In response to The Daily Post’s writing prompt: “The Transporter.”
Tell us about a sensation — a taste, a smell, a piece of music — that transports you back to childhood
It’s 6am and Papa has already carefully and quietly made his way down the creaky latter from he and Meme’s loft, past the living room where we are asleep and into the kitchen to make coffee and greet the morning on the deck before going to check his fishing lines. It’s peaceful out there with a radiant view of the sunrise and the stillness of the glassy calm lake. Meme is down shortly after him and wakes us slowly, one by one to the deliciously sizzling sound of bacon frying. As the smell drifts over the counter and straight to our noses we cant help but crawl out from underneath the covers of the pull out couch and climb onto a bar stool to keep Meme company. We share the morning coziness as she whips up some pancake batter and serves us each a plate full; we eat until our tiny bellies are satisfied or until we lose interest in food while thinking about the adventures the day will hold, whichever comes first.
By the time we finish breakfast and make our way out to the porch, Papa is coming in for more coffee and sits with us awhile. He tells us that he saw a 12 foot alligator last week down on the beach and we marvel at this news, hoping to catch a glimpse of one while we are there, but as soon as the sun is out we somehow forget all about alligators and throw on a swimsuit without preference, eager to get in the lake. Papa’s built us a gigantic raft with a slide and as long as we have it we are invincible, even in our fleeting moments of fear when we think about what is swimming in the murky water around us. We spend hours and hours in the water pretending to be mermaids, or princesses, or pirates. Sometimes Meme braves the murky waters with us. Other times she sits watching us from the porch while playing cards or working a crossword and calls us up every so often to reapply sunscreen. Awhile later Papa pulls us beside his little green fishing boat on some water skis or a kneeboard (our choice) while we hold onto a makeshift pvc pipe extending perpendicular to the boat, embracing new experiences.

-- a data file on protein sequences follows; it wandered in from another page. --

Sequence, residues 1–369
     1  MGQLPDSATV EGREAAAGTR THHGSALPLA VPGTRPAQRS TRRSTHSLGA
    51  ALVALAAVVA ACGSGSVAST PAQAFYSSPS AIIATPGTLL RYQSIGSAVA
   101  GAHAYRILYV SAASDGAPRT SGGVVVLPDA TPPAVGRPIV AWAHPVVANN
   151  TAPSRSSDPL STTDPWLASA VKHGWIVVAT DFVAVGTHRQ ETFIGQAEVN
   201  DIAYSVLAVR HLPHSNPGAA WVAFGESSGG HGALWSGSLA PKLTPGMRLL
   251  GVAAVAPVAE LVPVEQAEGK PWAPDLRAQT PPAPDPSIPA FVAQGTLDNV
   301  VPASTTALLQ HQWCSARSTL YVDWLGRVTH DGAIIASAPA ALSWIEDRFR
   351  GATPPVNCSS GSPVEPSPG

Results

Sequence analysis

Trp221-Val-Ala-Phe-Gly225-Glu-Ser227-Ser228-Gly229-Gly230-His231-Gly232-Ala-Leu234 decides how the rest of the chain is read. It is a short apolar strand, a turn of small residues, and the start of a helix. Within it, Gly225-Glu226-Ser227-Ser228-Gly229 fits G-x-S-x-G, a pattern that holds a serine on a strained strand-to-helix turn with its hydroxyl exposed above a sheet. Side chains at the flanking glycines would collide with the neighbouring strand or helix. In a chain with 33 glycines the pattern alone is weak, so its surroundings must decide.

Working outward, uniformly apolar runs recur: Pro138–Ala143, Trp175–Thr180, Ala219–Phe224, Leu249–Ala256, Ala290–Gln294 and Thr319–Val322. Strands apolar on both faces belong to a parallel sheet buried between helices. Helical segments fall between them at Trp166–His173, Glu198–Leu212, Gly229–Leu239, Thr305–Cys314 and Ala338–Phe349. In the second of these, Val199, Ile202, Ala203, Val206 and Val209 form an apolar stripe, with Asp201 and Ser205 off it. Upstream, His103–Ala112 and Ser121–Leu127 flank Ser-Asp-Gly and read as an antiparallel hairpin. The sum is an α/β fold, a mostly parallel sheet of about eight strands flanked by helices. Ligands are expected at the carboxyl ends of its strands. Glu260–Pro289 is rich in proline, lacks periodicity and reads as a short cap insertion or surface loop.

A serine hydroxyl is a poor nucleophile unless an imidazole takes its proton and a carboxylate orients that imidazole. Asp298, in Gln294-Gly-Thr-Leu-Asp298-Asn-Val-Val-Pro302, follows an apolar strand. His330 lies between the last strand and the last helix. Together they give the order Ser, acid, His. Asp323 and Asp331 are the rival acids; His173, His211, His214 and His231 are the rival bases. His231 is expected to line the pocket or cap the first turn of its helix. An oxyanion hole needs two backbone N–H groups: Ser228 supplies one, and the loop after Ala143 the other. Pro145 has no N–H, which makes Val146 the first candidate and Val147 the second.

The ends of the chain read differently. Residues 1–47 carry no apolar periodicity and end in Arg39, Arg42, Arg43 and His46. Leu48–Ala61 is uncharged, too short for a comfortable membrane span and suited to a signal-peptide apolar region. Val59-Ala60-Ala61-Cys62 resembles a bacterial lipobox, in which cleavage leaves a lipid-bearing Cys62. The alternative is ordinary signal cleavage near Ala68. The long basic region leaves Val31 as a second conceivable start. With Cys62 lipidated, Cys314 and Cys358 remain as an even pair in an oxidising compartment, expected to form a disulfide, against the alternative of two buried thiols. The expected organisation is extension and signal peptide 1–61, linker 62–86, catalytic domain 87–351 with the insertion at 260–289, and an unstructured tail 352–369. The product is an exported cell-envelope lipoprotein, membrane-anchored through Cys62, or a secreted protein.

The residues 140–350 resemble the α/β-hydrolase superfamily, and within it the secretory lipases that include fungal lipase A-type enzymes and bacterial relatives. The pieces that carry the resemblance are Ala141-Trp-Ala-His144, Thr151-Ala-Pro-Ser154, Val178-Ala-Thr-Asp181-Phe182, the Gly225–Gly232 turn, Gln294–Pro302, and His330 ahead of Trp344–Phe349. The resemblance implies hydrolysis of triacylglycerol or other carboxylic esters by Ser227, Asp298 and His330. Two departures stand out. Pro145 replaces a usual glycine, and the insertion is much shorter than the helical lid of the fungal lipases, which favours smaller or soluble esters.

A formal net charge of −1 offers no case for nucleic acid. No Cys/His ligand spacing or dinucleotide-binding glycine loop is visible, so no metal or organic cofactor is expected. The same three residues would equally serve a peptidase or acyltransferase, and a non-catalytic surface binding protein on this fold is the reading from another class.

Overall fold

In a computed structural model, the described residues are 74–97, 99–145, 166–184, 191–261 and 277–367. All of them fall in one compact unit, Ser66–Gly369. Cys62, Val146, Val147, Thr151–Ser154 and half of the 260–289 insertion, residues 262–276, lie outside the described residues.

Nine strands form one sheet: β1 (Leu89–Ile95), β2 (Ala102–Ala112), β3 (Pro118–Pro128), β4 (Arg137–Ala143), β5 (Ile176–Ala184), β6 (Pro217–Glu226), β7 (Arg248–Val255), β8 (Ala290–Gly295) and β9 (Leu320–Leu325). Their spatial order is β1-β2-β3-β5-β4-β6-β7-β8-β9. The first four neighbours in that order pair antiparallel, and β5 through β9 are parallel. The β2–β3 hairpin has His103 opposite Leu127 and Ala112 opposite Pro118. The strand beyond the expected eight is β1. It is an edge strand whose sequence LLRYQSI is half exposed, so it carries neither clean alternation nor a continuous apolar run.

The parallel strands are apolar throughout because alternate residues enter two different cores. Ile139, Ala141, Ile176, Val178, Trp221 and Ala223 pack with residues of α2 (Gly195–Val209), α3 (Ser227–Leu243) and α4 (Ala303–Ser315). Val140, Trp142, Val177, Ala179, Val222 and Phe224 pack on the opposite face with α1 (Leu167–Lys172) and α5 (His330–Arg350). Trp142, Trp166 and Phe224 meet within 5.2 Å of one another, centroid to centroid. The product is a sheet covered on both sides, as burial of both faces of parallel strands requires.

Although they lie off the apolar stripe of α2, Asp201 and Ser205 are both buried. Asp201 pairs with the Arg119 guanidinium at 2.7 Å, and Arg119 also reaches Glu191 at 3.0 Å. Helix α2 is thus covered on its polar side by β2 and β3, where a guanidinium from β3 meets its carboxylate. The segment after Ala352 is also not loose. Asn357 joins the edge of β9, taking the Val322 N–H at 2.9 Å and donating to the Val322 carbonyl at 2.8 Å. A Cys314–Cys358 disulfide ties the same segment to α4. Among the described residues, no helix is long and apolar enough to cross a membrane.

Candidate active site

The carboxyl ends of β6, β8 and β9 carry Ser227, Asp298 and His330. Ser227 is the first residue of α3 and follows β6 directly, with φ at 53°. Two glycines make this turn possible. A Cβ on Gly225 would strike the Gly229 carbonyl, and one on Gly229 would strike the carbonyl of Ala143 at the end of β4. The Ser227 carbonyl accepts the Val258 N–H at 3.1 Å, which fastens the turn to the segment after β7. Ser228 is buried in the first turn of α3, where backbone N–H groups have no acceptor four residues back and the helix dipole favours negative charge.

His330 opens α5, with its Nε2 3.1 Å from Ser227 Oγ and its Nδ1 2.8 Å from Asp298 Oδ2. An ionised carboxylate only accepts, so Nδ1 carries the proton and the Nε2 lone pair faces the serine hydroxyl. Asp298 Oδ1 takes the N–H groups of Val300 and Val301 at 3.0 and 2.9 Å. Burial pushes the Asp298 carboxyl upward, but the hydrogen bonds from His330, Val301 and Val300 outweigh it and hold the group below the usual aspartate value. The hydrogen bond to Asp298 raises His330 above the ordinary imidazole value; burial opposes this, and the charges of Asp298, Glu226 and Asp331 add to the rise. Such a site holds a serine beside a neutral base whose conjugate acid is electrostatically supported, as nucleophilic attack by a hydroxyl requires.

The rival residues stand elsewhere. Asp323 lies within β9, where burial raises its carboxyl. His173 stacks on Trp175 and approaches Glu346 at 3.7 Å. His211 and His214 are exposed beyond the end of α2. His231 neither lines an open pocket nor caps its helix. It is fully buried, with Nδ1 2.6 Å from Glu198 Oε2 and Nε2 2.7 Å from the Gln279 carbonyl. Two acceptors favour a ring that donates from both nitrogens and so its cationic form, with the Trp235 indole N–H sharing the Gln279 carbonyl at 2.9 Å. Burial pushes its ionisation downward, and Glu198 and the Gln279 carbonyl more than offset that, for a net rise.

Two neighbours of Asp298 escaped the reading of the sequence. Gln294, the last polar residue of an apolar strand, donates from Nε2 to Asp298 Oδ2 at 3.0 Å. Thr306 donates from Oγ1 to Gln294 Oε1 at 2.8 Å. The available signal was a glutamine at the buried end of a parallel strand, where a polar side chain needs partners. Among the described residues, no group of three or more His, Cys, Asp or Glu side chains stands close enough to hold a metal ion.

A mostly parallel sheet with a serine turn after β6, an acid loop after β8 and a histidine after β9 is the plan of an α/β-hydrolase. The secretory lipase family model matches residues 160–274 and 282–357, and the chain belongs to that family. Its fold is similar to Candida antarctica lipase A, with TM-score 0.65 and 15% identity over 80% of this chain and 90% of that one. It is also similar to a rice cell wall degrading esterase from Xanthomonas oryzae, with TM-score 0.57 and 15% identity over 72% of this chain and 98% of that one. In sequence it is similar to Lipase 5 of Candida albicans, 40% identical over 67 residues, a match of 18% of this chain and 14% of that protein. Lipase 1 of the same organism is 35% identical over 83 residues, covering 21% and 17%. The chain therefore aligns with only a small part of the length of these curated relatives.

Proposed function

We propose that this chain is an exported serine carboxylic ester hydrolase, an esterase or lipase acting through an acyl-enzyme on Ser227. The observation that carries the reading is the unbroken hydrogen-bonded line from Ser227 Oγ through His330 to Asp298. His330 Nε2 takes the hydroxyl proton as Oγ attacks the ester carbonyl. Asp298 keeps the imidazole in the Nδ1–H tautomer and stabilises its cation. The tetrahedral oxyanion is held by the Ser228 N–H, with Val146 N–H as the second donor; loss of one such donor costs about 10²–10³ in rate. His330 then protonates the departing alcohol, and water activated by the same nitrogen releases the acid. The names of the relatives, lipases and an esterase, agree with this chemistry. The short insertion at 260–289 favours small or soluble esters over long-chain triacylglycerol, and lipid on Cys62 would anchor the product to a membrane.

Eventually our rumbling tummies bring us inside for a sweet treat, but Meme makes sure we eat a sandwich before we reach into the candy jar for a Sugar Daddy or run out into the yard with a Little Debbie. We run wild and free during those summers at the lake: walking down the beach as far as we can go, building teepees from washed up branches and wood or swinging through the trees; Papa makes the best rope swings. For our afternoon adventure Meme gives us each 50 cents (which was all we actually needed back then) and sends us down the long and dry caliche road to the green Lagarto store on the corner where we pick out whatever we want. Soda, ice cream and fun dip are among our favorites and we walk a mile back relishing in our treats, talking, singing and giggling the whole way. Being able to walk to the Lagarto store by ourselves makes us feel grown up and giddy.
We’re greeted back with the warm breeze carrying the sound of country from the little A-framed lake house. Meme is inside singing My Maria and cleaning out her closet. She gives us a few sundresses to put on that are only a couple of sizes too big because our grandma is a small lady. We play dress up and put on a musical performance for Meme out on the deck where we can feel the wind in our hair and the sunlight reflecting off the water. Our hair is tousled, messy and bleached by the sun and our skin is a deep golden brown and kissed with freckles. We’re barefoot and tiny in those big dresses and we feel beautiful. We are un-comparing, innocent, perfectly girly and wonderful. Meme claps for us and encourages our performance, tells us about the days that she used to dance and then heads inside to start dinner.
Papa lets us fish with him on the pier until dinner is ready. In those days the water came all the way up to the top of the tall wooden pier. He shows us how to bait our hooks and tells us about the gar he caught the other day. It’s getting dark and the mayflies are swarming around the lights on the pier…we wonder at how many there are and laugh when they land on us because it tickles. Anything we catch we make Papa take off the hook. He throws the little fish back and keeps a couple big ones to filet for tomorrow’s dinner and we head inside.
After dinner we all gather around the TV. There’s a show on in the background and Papa is watching it but the rest of us are caught up in games of speed, concentration, go fish and crazy eights. We’re up long after Papa has gone to bed and his loud and comforting snore drifts down to the living room where we are delighting in every victorious card match and soaking up quality time with Meme; the laughter, conversation and her very presence. When she can hardly keep her eyes open any longer she pulls the couch into a bed and puts on The Goonies for us to fall asleep to. We never finish the movie because the day has worn us out and we each drift off to sleep, giving in to dreams of tomorrow.